The D.B. Cooper Case: The Most Famous Unsolved Hijacking in History

The FBI has never been able to identify D.B. Cooper, and his fate remains a mystery

by Sededin Dedovic
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The D.B. Cooper Case: The Most Famous Unsolved Hijacking in History
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Dan Cooper, also known as D.B. Cooper, was the media pseudonym given to the man who hijacked a Boeing 727 aircraft on November 24, 1971. He demanded $200,000 in ransom and four parachutes, and then parachuted out of the plane somewhere between Seattle, Washington, and Reno, Nevada.

The FBI has never been able to identify Cooper, and the case remains unsolved.

The Hijacking

On the evening of November 24, 1971, a man purchased a one-way ticket for Northwest Orient Airlines Flight 305 from Portland, Oregon, to Seattle, Washington.

He paid for the ticket in cash and used the name "Dan Cooper." After the plane took off, Cooper handed a note to flight attendant Florence Schaffner. The note said that he had a bomb in his briefcase and that he demanded $200,000 in ransom and four parachutes.

Cooper also told Schaffner not to tell anyone about the note. Schaffner showed the note to the pilot, who immediately relayed the information to the authorities. The plane was diverted to Seattle-Tacoma International Airport, where it landed safely at 2:45 p.m.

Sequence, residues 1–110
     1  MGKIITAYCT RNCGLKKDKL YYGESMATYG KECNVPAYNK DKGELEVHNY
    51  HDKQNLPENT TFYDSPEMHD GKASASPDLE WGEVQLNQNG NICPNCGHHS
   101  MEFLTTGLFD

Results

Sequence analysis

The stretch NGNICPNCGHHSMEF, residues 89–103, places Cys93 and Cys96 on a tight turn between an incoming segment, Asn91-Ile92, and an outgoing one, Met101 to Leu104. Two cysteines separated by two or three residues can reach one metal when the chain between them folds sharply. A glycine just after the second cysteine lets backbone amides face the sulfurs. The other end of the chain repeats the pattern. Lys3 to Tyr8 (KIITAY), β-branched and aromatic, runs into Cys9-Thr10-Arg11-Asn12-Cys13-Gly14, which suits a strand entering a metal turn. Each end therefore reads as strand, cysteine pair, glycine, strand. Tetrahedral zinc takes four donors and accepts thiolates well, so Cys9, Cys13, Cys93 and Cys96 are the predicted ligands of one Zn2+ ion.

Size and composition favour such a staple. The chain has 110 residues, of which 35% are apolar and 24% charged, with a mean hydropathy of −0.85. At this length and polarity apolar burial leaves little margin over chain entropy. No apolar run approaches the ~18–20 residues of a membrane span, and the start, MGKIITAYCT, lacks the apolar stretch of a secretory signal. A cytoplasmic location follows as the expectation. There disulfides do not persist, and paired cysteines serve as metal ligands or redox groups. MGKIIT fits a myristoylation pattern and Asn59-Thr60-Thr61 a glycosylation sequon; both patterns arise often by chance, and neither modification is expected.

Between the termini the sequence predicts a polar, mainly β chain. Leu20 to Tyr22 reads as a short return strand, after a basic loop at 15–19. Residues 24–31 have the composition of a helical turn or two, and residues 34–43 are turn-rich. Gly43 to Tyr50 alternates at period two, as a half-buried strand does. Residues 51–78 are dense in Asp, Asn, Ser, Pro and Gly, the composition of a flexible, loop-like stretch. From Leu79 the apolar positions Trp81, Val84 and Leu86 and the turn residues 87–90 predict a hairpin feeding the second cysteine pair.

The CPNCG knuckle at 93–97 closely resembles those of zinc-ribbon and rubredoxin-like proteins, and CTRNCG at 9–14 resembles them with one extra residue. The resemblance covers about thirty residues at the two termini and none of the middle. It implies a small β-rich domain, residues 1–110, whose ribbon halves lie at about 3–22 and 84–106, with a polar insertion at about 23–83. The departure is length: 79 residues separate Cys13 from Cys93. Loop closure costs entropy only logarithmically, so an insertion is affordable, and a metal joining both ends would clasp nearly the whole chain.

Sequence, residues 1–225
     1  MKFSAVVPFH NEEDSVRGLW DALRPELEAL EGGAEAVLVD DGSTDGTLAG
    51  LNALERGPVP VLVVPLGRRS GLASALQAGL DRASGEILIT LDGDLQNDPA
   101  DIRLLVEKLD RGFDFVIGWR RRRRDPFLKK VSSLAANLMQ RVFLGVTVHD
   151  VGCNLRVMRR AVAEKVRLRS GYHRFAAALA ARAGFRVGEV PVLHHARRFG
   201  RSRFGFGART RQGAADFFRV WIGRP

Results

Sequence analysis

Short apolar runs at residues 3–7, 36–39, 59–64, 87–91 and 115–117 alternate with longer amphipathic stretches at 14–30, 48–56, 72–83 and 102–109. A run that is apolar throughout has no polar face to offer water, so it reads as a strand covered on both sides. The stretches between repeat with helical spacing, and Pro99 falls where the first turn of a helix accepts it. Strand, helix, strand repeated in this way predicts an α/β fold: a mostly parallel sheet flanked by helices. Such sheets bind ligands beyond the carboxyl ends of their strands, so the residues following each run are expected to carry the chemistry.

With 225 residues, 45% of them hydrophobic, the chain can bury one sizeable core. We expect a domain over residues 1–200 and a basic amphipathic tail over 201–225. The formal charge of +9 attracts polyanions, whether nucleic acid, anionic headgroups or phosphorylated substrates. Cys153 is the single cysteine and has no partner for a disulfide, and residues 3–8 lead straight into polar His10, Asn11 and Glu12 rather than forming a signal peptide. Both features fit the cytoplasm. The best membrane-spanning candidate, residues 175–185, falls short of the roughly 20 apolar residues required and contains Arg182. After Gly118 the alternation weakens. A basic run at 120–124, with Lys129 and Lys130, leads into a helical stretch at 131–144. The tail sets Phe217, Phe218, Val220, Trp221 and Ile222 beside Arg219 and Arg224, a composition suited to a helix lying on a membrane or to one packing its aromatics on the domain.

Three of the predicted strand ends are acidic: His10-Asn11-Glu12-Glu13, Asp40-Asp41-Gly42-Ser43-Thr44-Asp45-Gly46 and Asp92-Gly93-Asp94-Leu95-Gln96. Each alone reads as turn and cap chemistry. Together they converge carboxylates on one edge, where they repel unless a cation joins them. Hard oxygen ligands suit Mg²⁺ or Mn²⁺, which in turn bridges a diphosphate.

When the plane landed in Seattle, Cooper released the passengers but kept the crew members hostage. He then demanded that the plane be refueled and that he be given four new parachutes.

The Parachute Jump

At 7:40 p.m., the plane took off again, heading for Mexico City.

However, shortly after 10:00 p.m., Cooper ordered the pilots to lower the rear stairs of the plane and fly at a low altitude. At 10:15 p.m., Cooper jumped out of the plane, carrying the ransom money and a parachute. The pilots immediately contacted the authorities and landed the plane safely in Reno, Nevada.

The Search for D.B. Cooper

The FBI immediately launched a massive search for Cooper, but no trace of him was ever found. The FBI investigated hundreds of leads and interviewed thousands of people, but they were never able to identify Cooper or determine his fate.

In 1980, eight-year-old boy found three $20 bills buried in the woods near Vancouver, Washington. The serial numbers on the bills matched those of the ransom money that had been given to Cooper. However, no other evidence of Cooper was ever found.

In 2008, a man named Thomas Colbert claimed that his father, Robert Rackstraw, was D.B. Cooper. Colbert provided the FBI with a number of items that he said belonged to his father, including a parachute that he said was the same one that Cooper used.

However, the FBI was unable to verify Colbert's claims and the case remains unsolved. The hijacking of Northwest Orient Airlines Flight 305 is one of the most famous unsolved crimes in American history. The FBI has never been able to identify D.B. Cooper, and his fate remains a mystery.

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